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The UBC Faculty of Education is dedicated to providing every student with full and equal access to University programs and services. We have worked to extend the accessible features of many of our online courses.
How We’ve Made UBC MET Materials Accessible
Everyone learns in different ways. In many of our courses, course material should be accessible to a standard screen-reader, which reads all the text in a browser out loud. This is essential not only for those with serious vision impairments, but also for students with learning challenges who find it easier to comprehend material aurally rather than visually.
We have provided transcripts and captions for audio and video material whenever possible. This may be of use to you as well if you are viewing the course materials from a slower dial-up connection.
Making Your Own Online Experience Easier & More Accessible
There are many things you can do to make your own online experience easier and more accessible.
Change the font size: Most browsers will allow you to change the size of text. Under the “View” menu in Chrome, Firefox and Safari, you will see an option for “Text size” or “Increase Font”. You can use this option to make the text larger or smaller as you prefer.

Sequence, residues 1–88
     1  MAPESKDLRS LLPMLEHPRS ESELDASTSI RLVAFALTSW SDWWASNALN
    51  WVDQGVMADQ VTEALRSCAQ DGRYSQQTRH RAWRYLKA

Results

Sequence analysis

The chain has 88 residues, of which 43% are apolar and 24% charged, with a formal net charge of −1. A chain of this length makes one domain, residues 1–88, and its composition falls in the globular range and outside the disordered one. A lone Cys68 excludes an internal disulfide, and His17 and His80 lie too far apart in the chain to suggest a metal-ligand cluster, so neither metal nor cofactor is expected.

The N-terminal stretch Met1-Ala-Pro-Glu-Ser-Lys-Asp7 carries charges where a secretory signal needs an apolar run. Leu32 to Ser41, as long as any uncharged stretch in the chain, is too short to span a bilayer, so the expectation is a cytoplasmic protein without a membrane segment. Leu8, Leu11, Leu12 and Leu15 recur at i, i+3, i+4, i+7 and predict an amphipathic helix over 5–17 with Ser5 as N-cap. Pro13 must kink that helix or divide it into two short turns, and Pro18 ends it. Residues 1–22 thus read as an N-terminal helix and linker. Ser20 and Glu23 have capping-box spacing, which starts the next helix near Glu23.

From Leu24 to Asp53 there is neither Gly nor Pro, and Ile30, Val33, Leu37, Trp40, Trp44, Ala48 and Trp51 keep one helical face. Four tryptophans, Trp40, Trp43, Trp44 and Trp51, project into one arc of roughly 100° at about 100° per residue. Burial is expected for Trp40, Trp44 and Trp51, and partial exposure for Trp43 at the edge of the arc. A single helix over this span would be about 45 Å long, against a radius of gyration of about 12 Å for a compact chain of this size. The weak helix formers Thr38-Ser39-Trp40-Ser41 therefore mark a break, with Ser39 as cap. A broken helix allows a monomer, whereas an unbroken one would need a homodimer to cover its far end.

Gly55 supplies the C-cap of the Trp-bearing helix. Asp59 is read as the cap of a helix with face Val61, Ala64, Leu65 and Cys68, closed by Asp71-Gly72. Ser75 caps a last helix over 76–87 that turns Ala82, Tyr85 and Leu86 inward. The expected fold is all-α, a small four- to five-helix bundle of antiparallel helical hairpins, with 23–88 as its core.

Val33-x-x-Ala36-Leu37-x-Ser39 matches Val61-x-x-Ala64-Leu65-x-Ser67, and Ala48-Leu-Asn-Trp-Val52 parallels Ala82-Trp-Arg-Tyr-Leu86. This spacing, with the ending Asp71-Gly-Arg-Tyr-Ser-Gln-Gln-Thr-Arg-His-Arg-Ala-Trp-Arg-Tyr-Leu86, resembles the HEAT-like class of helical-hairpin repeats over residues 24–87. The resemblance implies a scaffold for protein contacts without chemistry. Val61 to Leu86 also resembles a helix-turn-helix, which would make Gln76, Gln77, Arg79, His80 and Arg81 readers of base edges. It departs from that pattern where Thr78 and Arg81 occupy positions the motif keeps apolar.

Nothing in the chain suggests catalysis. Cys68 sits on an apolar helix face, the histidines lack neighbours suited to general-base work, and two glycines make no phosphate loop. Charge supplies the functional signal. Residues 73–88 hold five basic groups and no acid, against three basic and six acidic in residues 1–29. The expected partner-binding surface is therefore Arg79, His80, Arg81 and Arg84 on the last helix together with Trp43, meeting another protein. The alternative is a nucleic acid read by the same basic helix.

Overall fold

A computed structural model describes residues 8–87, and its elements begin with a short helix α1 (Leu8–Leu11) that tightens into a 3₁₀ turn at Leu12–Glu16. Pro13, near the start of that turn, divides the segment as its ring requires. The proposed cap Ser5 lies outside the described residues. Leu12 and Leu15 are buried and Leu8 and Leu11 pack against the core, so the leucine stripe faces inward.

Turn on High Contrast UI (User Interface) in Canvas: If you have challenges differentiating colours on web pages, you can enable a feature in Canvas which changes colours and links to make them more visible.
Accessibility options for Windows: Microsoft Windows has many built-in functions to adjust such things as the speed of your mouse, the size of your mouse pointer, and your keyboard’s key repeat rate. Visit the Windows Personalization & Ease of Access page for full details and instructions.
Accessibility options for macOS and iOS: OS X and iOS have similar accessibility options, such as keyboard navigation, talking alerts, and display adjustment. Find more at the Apple Accessibility page.
Helpful software: Many students use screen readers, which read the text on a web page aloud, to assist them with large amounts of written text. This is good for concentrating on difficult passages. Two of the most commonly used screen readers are Jaws and Wynn, a literacy program which also includes word prediction, spelling and grammar, study tools and more. Wynn and Jaws are quite expensive, but there is also a free screen reader for Windows called Thunder. Mac OS X and iOS devices includes a screen reader called VoiceOver. VoiceOver can be activated through the Accessibility option under System Preferences.
Alternative hardware: It’s always best to address potential problems before they get worse – carpal tunnel syndrome and repetitive stress injuries are painful, but can be prevented! See 9 Things You Can Do to Prevent Carpal Tunnel Syndrome on WebMD.
Smartphones and apps: Smartphones also have many accessibility features, and there are also many apps to assist with screen reading, colour blindness and other assistive needs.